My point is that Apple creates and embodies a broader postindustrial discourse context for indie rock and for the Bowery Presents, although it should be clear that the Bowery Presents and other semi-corporates in its indie music business network do not go as far as Apple in terms of symbolic statements. The postindustrial narrative of cool distinguishes itself socially in terms of class and historically in terms of innovation, creating a distance from images of utilitarian design, rigid mass culture, and large industrial organisations. The reality of Apple, of course, has long been mass consumption and corporate industrial organisation criticised for being overprized and limiting the freedom of the user.
Figure 3. The three partners of the Bowery Presents. Note the casual appearance without suits or corporate attitude. (Source: Sisario 2007)
The organisational culture of new capitalism has produced the narrative of small creative companies such as the tech startups in Silicon Valley, originating in a garage and going on to gain extraordinary commercial success over more stale, large organisations. This narrative is paralleled in the music industry in the specific context of digitisation. Major record labels have become widely associated with a lack of innovation. In the live music sector, the innovation narrative exists in rock festivals distinguishing themselves from “old” conceptions of counterculture (see, for example, Anderton 2011), but also festivals that expand to become mobile and touring events (festivals breaking the single annual event in one place include Coachella and a couple of EDM festivals, with Sonar being a prominent example). However, a promotion and venue management company such as the Bowery Presents also represents innovation in the live music business.
I have described the entrepreneurial agency of the company in the previous publications, and one prominent insider of the business and a long-time collaborator of Jim Glancy suggested that the entrepreneurialism motivated Glancy in 2004 to leave his post as president of Live Nation in New York to become a managing partner of the Bowery Presents. In less than twenty years, the Bowery Presents evolved from having only a small club to being the dominant rock concert promoter in Manhattan, while the world’s largest promoter Live Nation have been losing ground in the city. Live Nation’s mid-size venue Irving Plaza, for instance, has lost some of its momentum to the mid-size venues of the Bowery Presents.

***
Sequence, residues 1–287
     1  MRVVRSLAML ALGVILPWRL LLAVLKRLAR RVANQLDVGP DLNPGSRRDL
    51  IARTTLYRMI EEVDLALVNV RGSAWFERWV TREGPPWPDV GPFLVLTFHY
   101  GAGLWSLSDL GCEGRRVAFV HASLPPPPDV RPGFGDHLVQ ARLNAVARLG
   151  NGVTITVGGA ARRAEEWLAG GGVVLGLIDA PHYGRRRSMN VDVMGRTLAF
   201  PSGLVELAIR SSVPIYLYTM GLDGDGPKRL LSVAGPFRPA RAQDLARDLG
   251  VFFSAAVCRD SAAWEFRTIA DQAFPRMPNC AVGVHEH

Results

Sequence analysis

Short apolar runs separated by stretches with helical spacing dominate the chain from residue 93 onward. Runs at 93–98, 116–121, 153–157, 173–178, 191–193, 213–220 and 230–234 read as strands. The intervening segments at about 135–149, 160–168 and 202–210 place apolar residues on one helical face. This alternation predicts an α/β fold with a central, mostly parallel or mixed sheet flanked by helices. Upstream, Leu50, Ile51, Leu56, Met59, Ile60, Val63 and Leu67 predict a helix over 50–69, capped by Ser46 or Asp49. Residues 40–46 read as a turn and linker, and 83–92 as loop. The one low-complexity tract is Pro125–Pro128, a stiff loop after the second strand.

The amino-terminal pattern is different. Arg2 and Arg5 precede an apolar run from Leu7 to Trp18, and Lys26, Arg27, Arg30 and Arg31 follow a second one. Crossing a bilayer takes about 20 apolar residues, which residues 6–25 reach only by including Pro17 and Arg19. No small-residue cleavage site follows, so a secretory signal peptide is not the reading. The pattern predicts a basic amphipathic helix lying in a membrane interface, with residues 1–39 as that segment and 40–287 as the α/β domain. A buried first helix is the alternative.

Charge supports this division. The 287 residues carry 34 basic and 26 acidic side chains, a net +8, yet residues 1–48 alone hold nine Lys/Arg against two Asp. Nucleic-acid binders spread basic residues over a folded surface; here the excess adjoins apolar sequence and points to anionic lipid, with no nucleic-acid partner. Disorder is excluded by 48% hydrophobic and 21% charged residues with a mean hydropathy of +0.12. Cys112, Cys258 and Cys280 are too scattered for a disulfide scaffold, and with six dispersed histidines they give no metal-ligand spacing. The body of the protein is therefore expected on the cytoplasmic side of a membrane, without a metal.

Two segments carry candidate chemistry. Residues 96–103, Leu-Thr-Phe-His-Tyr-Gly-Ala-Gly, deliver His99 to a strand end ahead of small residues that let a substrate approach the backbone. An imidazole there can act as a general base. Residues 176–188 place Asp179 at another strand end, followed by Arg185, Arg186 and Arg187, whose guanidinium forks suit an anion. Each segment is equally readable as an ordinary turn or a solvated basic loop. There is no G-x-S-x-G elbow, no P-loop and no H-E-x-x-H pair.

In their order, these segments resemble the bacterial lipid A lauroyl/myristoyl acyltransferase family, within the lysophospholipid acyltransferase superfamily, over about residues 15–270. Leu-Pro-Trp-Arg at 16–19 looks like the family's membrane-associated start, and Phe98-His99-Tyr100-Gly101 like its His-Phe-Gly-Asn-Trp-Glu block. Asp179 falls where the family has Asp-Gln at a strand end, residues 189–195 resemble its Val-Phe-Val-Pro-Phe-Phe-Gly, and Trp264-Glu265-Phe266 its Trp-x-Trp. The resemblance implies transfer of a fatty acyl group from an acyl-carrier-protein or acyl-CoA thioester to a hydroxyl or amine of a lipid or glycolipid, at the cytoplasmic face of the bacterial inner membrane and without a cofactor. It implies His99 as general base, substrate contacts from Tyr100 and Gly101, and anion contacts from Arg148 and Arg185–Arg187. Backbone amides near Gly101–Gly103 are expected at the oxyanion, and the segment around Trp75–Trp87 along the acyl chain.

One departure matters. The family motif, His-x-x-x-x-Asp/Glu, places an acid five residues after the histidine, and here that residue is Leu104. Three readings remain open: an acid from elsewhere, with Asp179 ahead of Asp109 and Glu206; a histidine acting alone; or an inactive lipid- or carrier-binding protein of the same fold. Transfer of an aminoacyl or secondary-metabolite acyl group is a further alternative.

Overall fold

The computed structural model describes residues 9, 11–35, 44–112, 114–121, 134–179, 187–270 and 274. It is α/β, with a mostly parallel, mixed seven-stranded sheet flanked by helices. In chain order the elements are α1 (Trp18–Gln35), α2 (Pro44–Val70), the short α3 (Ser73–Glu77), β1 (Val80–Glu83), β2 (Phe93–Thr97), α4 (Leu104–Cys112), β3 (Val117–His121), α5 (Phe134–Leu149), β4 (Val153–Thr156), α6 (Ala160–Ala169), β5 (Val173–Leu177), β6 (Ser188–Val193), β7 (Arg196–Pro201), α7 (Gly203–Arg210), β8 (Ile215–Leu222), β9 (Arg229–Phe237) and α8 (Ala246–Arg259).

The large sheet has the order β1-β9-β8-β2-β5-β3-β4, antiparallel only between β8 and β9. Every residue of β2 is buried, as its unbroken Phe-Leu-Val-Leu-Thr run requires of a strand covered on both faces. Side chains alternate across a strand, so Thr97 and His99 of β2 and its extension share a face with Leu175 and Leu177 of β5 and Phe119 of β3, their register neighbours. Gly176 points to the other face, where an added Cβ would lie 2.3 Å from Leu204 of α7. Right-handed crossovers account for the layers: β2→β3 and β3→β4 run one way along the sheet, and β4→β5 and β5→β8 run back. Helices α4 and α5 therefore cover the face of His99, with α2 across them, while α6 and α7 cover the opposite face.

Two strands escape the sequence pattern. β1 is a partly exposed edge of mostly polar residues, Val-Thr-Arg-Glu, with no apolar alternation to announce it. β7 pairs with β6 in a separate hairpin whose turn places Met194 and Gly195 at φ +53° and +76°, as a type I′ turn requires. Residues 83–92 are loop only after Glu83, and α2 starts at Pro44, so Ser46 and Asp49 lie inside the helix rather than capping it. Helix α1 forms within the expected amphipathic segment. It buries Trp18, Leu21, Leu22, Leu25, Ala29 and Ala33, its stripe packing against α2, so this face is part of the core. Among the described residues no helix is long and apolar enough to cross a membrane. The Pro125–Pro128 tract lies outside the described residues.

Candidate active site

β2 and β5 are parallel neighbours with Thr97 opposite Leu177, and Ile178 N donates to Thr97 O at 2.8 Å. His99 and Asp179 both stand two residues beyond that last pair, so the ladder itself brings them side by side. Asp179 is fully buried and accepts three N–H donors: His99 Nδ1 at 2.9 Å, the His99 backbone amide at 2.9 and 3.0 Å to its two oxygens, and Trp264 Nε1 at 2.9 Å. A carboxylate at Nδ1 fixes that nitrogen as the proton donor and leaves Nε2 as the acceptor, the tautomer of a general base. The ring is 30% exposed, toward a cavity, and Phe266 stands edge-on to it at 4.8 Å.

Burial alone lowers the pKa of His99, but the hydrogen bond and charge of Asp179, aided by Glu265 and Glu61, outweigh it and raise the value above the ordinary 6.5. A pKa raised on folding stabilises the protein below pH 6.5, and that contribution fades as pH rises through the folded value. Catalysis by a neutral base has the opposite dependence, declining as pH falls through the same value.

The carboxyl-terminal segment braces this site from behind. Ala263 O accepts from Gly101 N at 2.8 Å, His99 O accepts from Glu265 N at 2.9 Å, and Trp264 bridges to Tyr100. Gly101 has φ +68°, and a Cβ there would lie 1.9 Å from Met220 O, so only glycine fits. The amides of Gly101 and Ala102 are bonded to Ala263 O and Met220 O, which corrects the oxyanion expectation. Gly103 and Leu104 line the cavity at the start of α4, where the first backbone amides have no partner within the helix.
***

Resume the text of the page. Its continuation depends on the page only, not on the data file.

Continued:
To sum up very briefly, this paper has traced changes in the evolution of mid-size venues from the late 1960s and emphasized how gentrification affected the fundamental dimensions and the shift of emphasis in the rock scene from small underground clubs to mid-size concert venues. The paper further suggests that the history can be interpreted within a broader culture of postindustrial cool associated with middle class distinction, flexibility, and innovation in niche contexts. This larger symbolic narrative has been promoted by a dominant organisation of our time, the technology company Apple, but its deep layer has also affected perceptions of the relationship between music companies in the age of digital media and indie rock. This paper introduces the hypothesis and suggests some perspectives that require further examination. In particular, it might be worth investigating if and how contemporary forms of indie rock and pop have come to embody postindustrial, post-Fordist cool and how this relates to the forms of production (the increasing role of advertising in the economy of the music and how it creates a precarious cultural and economic condition for the musicians, and the economic pressure for more touring). There is also a need for examining the organisational culture in music companies in relation to the culture of their audiences. In my own research on festivals, I have noted examples of rock and electronic music festivals that have only existed for about a decade but have grown big and changed the dynamics of the festival field. Some of those festivals are positioning themselves through signifiers of postindustrial cool niche culture, indirectly framing other festivals as less innovative, less cool.
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[i] A prominent DIY promoter such as Todd Patrick has publicly criticised the Bowery Presents, but I witnessed sceptical attitudes among other people who preferred to remain anonymous.
[ii] These figures are my estimates. The company does not provide them, and there is no documentation provided when numbers are mentioned in the blogosphere and on Wikipedia, for instance.